Some Kind of Courage and a red spine

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In honor of the PopSugar 2017 category “a book with a red spine,” I picked up a copy of Some Kind of Courage by Dan Gemeinhart. Granted, it wasn’t exclusively because of the reading challenge, but rather because the book was a top contender for this year’s Texas Bluebonnet Award and it was staring at me from my library’s display.

Find the PopSugar 2017 reading challenge here: http://www.popsugar.com/love/Reading-Challenge-2017-42561300

Find the Bluebonnet Award winners and contenders here: https://texasbluebonnetaward2018.wordpress.com/

The synopsis is quite simple. The story is about Joseph who goes in search of his horse Sarah, after she is surreptitiously sold from under him. The setting: Washington state, late 19th century. I think a quote from the end of the book here sums it up beautifully:

I had my horse. And I had some money. And my papa’s pistol. And a little black bird. And an outlaw’s hat. But that was about it.

Joseph is a good-hearted character and his story is a coming of age combined with a cross-country journey. It’s like Huck Finn met The Revenant. I had to keep reminding myself that this was in fact a juvenile fiction book; but boy, what an epic adventure! From leaving his home in the aftermath of family death and much loss, to finding a friend in Ah-Kee, to racing Indian horses, fighting bears, running down an outlaw and jumping trains. Joseph faces huge decisions, physically, emotionally and many times, morally. His ability to ask himself what his parents would have expected from him give this story a conscience. There are some beautiful quotes in the book that gave me pause, one being from p. 172:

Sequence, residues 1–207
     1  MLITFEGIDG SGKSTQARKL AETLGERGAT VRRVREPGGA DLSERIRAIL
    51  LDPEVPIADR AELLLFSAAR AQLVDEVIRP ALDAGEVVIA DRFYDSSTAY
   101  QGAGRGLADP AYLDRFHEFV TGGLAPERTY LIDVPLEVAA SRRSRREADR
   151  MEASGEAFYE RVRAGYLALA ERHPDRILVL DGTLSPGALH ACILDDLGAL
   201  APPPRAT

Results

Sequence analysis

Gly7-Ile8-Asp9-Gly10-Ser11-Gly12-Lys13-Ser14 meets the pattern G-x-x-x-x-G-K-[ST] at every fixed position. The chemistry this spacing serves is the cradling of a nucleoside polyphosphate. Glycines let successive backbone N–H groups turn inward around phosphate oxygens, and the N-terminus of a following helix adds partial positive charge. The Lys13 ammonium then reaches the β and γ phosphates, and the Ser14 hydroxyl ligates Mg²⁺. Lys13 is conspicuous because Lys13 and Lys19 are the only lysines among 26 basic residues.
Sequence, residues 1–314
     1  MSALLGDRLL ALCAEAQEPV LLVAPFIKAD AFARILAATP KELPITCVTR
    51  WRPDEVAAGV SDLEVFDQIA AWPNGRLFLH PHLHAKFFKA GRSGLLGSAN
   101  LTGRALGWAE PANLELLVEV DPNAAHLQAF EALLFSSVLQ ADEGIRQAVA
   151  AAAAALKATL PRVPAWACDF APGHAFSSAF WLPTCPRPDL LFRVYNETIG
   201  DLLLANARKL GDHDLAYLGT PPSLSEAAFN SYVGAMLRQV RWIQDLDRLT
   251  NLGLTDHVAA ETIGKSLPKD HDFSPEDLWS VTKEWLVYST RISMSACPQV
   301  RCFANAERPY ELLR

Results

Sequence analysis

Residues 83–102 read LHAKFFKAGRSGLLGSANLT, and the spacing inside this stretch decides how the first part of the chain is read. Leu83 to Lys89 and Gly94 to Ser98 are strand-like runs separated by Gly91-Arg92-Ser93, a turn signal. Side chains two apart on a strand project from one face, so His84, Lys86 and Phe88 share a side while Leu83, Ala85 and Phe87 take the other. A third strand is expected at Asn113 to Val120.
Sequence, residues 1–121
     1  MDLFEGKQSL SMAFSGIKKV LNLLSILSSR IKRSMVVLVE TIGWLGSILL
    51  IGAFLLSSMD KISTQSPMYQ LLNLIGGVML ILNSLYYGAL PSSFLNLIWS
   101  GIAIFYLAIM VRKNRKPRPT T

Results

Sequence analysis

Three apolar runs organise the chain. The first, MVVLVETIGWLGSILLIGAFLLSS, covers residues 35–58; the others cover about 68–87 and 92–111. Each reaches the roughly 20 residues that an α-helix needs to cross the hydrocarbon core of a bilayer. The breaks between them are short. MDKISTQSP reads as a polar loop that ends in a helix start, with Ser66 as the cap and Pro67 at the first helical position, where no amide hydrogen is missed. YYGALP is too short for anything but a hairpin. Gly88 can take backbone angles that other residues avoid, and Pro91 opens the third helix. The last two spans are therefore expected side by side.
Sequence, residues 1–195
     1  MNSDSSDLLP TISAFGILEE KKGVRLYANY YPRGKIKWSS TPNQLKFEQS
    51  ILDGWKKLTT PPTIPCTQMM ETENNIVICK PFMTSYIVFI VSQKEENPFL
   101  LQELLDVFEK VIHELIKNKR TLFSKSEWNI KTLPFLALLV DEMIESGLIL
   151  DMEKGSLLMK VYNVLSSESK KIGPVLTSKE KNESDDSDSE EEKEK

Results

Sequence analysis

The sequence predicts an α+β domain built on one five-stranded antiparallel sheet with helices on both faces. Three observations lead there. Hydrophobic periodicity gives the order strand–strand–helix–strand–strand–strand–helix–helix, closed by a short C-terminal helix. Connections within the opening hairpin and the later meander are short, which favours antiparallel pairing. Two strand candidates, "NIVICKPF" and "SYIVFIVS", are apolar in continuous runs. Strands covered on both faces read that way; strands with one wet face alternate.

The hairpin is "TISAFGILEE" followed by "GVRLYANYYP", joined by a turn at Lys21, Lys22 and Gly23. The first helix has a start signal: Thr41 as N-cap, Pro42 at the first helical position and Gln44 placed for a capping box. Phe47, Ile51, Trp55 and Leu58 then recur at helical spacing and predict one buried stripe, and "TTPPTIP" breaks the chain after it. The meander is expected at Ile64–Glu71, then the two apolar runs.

We looked at each other a minute, then we both put the other’s memory into our own pocket. They were new memories, now, but they were tied up and bound to the old. That’s how memories work. I suppose; you just go through life collecting them, never letting go of the precious ones but leaving room in your heart for more.

As a juvenile fiction book which no-doubt appeals to the younger audience (somewhere in the 4th to 7th grade level), this book was awesome. It was gritty and determined, and all about what family is, what you’d be willing to do for them and how to keep them together (even after they’re gone). As Joseph says (p. 195):

I do have family, sir. They’re just all dead. But they’re my family just the same. So I ain’t no orphan. I’m still my mama’s son and my papa’s boy and my sister’s brother, and I’m here to get our horse back.

This is the stuff that turns Joseph from a boy into a man. The book was a thoroughly enjoyable read, and easy- I did it in one sitting, and if I was giving stars, I’d give it a 5.

A well deserved Bluebonnet contender and a good story.

 

Happy Reading!

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